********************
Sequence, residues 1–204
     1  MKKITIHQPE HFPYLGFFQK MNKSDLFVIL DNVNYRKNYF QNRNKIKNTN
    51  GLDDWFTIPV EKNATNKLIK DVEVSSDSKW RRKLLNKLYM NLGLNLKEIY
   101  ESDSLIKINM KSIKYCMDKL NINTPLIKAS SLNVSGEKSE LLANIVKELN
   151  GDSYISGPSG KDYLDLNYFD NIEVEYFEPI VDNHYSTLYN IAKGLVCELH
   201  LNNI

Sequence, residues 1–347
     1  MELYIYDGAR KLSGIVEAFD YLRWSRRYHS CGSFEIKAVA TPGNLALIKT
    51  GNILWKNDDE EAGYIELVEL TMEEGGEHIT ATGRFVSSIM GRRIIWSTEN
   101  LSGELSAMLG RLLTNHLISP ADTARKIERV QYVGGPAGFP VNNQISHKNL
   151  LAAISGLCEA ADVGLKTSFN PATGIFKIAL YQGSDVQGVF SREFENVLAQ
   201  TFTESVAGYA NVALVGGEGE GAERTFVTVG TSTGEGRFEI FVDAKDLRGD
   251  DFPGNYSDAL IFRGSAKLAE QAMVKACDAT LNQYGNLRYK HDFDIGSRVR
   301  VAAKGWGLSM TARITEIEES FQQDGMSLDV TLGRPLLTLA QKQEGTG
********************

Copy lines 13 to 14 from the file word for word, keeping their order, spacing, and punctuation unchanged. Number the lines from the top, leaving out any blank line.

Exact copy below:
   251  DFPGNYSDAL IFRGSAKLAE QAMVKACDAT LNQYGNLRYK HDFDIGSRVR
   301  VAAKGWGLSM TARITEIEES FQQDGMSLDV TLGRPLLTLA QKQEGTG